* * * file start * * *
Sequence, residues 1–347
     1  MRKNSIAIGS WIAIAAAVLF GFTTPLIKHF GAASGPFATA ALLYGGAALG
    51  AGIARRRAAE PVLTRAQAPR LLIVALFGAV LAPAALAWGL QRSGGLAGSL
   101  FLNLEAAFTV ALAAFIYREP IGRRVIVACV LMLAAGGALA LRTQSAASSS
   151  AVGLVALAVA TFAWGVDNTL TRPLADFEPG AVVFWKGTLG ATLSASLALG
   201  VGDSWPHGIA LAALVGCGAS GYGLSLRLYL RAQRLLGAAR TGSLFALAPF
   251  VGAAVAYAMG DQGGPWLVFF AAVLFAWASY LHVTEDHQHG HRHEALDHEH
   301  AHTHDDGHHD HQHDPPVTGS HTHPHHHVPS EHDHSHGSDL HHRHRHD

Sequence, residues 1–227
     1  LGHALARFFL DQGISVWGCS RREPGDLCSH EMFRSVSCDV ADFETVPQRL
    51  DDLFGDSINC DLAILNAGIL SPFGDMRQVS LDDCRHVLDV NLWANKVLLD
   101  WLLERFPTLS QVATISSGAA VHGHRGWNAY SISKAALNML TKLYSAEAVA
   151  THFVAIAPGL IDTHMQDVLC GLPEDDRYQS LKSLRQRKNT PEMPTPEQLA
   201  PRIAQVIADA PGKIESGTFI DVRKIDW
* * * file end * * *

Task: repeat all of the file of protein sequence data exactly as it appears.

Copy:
Sequence, residues 1–347
     1  MRKNSIAIGS WIAIAAAVLF GFTTPLIKHF GAASGPFATA ALLYGGAALG
    51  AGIARRRAAE PVLTRAQAPR LLIVALFGAV LAPAALAWGL QRSGGLAGSL
   101  FLNLEAAFTV ALAAFIYREP IGRRVIVACV LMLAAGGALA LRTQSAASSS
   151  AVGLVALAVA TFAWGVDNTL TRPLADFEPG AVVFWKGTLG ATLSASLALG
   201  VGDSWPHGIA LAALVGCGAS GYGLSLRLYL RAQRLLGAAR TGSLFALAPF
   251  VGAAVAYAMG DQGGPWLVFF AAVLFAWASY LHVTEDHQHG HRHEALDHEH
   301  AHTHDDGHHD HQHDPPVTGS HTHPHHHVPS EHDHSHGSDL HHRHRHD

Sequence, residues 1–227
     1  LGHALARFFL DQGISVWGCS RREPGDLCSH EMFRSVSCDV ADFETVPQRL
    51  DDLFGDSINC DLAILNAGIL SPFGDMRQVS LDDCRHVLDV NLWANKVLLD
   101  WLLERFPTLS QVATISSGAA VHGHRGWNAY SISKAALNML TKLYSAEAVA
   151  THFVAIAPGL IDTHMQDVLC GLPEDDRYQS LKSLRQRKNT PEMPTPEQLA
   201  PRIAQVIADA PGKIESGTFI DVRKIDW